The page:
Literary Resolutions

The six-word memoir is ascribed to Hemingway. He was said to have written the now famous story in six simple words: “For Sale: Baby shoes, never worn.”

Whether or not Hemingway wrote these words, flash fiction and the short novel have never been the same.

 

Inspired by the six-word story, my blogging friend, Eli, over at Coachdaddyblog.com invites a group of friends and fellow bloggers over every month to write a six-word sentence in response to a particular prompt. It’s always so much fun to read what prompt he’s come up with this time and how people have responded.

This time he asked a group of us for a new year’s resolution.

 

I knew exactly what I wanted to write:

Reread Proust and search for time.

My literary new year’s goal this year is to reread Proust’s A la Recherche du Temps Perdu. I read it as a university student but haven’t revisited it since.

photo by reading interrupted.com

all photos by reading interrupted.com

 

It’s still a big part of my life, however. So many books I read make references to it. And, more significantly, it’s my mother’s favorite literary work and she refers to the characters much as she would distant relatives, the stories vaguely merging in my mind with the stories she tells me of our ancestors.

 

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I’m not sure I will reread the whole thing, but certainly the first part, some favorite passages in others, and then I will dip in and out of the story with a disregard for chronology that would normally make me balk.

 

I even have some of the text on audiocassette so I can dust off my old Walkman (which for some unknown reason I have kept after all these years… it seems like it should be in a museum by now) and have the story read to me as I walk down the street in 80s style.

 

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Do you have any literary goals this year?

 

 

(Check out Eli’s wonderful blog and read more six-word New Year resolutions here: Coach Daddy Blog)

 

 

 

117 thoughts on “Literary Resolutions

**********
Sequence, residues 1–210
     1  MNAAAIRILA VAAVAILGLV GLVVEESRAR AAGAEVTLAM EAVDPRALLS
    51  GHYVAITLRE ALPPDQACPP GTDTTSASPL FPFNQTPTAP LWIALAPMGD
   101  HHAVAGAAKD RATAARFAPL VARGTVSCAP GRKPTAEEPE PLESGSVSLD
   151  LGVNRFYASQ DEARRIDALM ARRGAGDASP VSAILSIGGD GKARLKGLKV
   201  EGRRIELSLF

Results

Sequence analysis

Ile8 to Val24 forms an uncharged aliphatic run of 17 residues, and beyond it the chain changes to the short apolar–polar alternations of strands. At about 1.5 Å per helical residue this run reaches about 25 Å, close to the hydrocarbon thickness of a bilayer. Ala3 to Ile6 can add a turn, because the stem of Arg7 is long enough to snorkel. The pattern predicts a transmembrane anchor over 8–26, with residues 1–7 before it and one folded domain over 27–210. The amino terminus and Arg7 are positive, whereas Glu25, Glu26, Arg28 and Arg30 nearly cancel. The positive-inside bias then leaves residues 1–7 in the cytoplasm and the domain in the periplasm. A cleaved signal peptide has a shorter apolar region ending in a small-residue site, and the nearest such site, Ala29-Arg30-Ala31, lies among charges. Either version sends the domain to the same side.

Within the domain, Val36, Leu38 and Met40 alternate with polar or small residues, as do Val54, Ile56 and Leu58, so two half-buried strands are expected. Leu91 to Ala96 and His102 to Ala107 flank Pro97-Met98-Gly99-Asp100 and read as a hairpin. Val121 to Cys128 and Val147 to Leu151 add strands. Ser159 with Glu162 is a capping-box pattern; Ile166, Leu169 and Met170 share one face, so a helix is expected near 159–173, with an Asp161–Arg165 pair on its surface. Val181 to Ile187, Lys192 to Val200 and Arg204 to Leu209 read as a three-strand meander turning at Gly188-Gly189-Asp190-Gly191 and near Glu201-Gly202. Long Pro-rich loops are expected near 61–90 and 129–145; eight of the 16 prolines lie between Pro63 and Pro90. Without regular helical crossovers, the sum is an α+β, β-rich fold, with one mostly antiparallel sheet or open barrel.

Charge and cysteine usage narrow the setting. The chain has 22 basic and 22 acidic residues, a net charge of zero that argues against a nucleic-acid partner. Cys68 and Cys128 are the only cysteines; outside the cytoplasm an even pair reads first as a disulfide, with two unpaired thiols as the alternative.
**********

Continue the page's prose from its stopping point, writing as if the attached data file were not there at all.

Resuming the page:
1. Proust! Yes, he’s on my list, but not at the top. Ideally, I’d brush off that high school French and search for time without meandering through a translation. But that may not happen this year.

    Good question! I’m going to focus on the writing side of my literary goals this year if I’m ever to crack this redwood open and reach its clear heart. How’s that for a pithy goal?

  2. Gulp!!! I am going to take on a huge challenge! “Remember tonight… for it is the beginning of always.” Dante Alighieri My Italian is rudimentary but nothing ventured nothing gained. 😀😀😀

    • Dante and in Italian no less, bravo! I’ve only read him in English and my Italian is rough around the edges as well so I applaud you taking no the challenge. I look forward to hearing about it as the year progresses!

  3. I’ve got to finish the Harry Potter series. (Now on Book 6, and I think I had mentioned to you before that this is my third attempt to get through them. NO. FULL STOP. I am NOT saying they’re bad books — I see you out there, wizarding world. No, they’re great books, but it’s totally not my genre. Like, not even close. So, please, put the wands down and no curses, pretty please. Who knows? By the end, I may no longer even be a muggle…)

    I’ve got to pick up the Game of Thrones series again. Have read the first three, and loved every one of them — even though they’re not really my genre either — but I usually need about three to six months after reading one before I can pick up the next. They’re so emotionally draining, which is about the highest compliment I could give.

    I’d like to re-read some of my greats. (Books I’ve re-read multiple times.) Probably on the list are The Grapes of Wrath, Watership Down, East of Eden, all of Vince Flynn and Stephen Hunter’s books, some Robert B. Parker to help me with my pacing and dialogue, and some non-fiction research books on terrorism, Islam, and Afghanistan/Pakistan. (My third Nick Woods book will be about Afghanistan and Pakistan, so I need to make sure I’ve totally gotten my arms around this subject.)

    I just finished “Unbroken,” which rocked, but it was so good (both the story and author) that I’m tempted to pick up “Sea Biscuit,” which was written by the same author. I’m not into horse racing, but I’m into talented storytelling, and Laura Hillenbrand can flat write.